Summary of Guest Speaker by Emma Lokar, HR Intern (Looking for a Summer 2019 Internship)
Story Telling of Data
Chris Brunson is the VP of Global Total Rewards at Celanese a $6.1 Billion global technology leader in the production of differentiated chemistry solutions and specialty materials used in most major industries and consumer applications. Brunson has extensive experience in Human Capital analytics in Human Resources with different sized companies in several different industries.
Chris shared his Five Tips to Prepare your Company for the New Age of Human Capital: How to handle your data, manage your data, and hire for your data...even when you are not good with numbers! Good analytics tells a story. The insights an organization receives from analytics gives the business actionable items to accomplish.
In today’s climate human capital analytics has the power to derive data that can transform decision making. Adding value is at the core of what business are trying to do. When you think about value creation Finance and Supply Chain has had their day. Human Capital insights are the next big wave and using it to tap into the potential of people.
1 - Ask Better Questions
Many companies focus on reporting and dashboards, but what they need to be doing is hone in on pure analytics. Reporting is asking, “What is happening?” and analytics is asking, “Why is it happening?” and “What can you do about it?” The most important part of beginning the journey of analytics is asking good questions. If you are not asking great questions, you’re missing the boat to derive that value.
Organizations are asking too many self-evident questions.
An example within Celanese was when the company was looking at developing their next wave of leadership. Instead of asking for a turnover report the analytics team asked, “What’s the probability of someone in this company getting multiple promotions?” That is the hallmark of development, and the data revealed Intern’s received multiple promotions within the company. Thereby, displaying the value of an internship program.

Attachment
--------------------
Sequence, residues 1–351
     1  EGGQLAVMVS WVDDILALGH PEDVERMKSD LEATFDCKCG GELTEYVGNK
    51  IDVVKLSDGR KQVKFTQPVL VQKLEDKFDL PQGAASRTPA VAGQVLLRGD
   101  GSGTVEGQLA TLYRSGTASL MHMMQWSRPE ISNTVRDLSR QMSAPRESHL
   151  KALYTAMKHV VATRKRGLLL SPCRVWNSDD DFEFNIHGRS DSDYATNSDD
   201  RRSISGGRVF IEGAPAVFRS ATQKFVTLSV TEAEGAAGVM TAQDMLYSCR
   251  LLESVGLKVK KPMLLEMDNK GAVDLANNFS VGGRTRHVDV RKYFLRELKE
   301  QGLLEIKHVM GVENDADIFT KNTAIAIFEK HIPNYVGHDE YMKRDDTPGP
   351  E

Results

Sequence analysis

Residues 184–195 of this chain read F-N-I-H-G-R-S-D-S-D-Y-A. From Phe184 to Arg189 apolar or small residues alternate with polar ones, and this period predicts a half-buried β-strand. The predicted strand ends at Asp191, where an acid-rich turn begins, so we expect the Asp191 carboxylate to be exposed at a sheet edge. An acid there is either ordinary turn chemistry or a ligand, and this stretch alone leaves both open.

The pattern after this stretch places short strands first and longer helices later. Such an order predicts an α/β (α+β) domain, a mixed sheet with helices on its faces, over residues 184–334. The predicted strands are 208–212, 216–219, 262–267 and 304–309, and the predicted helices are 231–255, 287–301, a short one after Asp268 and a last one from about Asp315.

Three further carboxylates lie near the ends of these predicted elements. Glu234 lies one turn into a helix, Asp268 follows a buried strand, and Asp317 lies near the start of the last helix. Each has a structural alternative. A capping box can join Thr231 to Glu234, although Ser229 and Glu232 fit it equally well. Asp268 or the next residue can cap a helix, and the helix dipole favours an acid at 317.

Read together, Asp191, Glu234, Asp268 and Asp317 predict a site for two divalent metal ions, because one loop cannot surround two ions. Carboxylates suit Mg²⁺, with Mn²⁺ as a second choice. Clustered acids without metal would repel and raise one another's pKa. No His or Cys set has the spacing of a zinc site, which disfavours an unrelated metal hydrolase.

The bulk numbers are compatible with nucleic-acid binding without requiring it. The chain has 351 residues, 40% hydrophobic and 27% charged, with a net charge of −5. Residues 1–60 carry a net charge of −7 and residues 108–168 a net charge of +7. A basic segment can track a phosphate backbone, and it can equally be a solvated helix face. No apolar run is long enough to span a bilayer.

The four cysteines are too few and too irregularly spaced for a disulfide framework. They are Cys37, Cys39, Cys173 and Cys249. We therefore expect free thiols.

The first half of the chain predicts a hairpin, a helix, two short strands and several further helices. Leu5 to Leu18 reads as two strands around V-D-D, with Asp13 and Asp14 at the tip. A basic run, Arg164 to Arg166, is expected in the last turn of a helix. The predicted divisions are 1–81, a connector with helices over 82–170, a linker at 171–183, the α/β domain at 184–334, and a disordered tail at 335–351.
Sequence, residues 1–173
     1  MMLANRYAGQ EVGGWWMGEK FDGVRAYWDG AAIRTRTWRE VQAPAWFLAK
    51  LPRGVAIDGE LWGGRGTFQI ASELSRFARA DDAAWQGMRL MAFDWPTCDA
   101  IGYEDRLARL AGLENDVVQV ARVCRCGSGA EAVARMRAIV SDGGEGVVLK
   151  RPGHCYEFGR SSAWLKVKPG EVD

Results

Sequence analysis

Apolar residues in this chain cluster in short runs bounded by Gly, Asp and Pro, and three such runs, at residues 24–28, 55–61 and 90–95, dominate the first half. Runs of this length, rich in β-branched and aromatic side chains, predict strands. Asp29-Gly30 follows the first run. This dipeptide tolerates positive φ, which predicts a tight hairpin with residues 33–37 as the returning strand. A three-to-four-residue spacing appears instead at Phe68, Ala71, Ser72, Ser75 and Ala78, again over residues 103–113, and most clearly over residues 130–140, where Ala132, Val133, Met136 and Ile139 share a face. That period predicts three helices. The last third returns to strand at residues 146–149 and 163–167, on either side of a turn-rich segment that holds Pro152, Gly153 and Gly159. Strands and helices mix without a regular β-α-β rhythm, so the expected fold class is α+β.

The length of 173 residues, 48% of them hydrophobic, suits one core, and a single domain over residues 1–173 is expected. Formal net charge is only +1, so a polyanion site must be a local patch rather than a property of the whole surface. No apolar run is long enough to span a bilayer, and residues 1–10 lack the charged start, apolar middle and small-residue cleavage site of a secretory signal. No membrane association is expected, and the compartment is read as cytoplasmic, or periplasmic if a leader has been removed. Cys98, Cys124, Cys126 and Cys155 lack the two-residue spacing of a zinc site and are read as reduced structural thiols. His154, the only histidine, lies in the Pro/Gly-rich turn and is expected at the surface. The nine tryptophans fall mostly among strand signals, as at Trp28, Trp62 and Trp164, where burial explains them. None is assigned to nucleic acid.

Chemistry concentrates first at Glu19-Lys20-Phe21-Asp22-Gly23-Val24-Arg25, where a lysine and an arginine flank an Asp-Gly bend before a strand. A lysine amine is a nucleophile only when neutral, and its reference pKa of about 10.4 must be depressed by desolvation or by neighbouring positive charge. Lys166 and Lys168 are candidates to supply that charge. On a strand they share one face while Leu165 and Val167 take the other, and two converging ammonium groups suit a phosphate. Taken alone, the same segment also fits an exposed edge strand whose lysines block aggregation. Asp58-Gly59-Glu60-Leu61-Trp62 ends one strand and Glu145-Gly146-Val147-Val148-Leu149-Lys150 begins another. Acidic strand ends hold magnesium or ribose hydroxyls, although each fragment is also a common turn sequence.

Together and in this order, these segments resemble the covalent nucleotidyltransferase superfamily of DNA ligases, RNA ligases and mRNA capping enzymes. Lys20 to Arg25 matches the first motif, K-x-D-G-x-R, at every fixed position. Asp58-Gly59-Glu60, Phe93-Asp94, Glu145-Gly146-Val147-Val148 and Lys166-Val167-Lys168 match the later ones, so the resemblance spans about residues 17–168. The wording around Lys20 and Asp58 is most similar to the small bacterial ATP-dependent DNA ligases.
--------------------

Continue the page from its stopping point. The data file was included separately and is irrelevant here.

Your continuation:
2 - Use Simple Tools
In Human Capital analytics complex platforms are not needed to find usable data. Brunson explains the data work they were doing was done through Excel, an application on virtually everyone’s laptop. Using fewer complex tools challenges the basic assumptions of HR. This ties back to asking better questions. When you are asking the right questions, you don’t need advanced systems to look at data.
3 - Focus on Clean Data
Clean data over connected systems like SAP and Workday is essential. If data is miscoded in these systems, the results are not impactful.
Information that is unstructured and together naturally shows connections.
Create the processes in your organization to gather data. These systems do not always need to talk to each other. You can take the two systems separately and put them in a simple data link like Excel and find the relationships there. This brings cost down and makes gathering data more widely available.
4 - Avoid Over Investing in Hype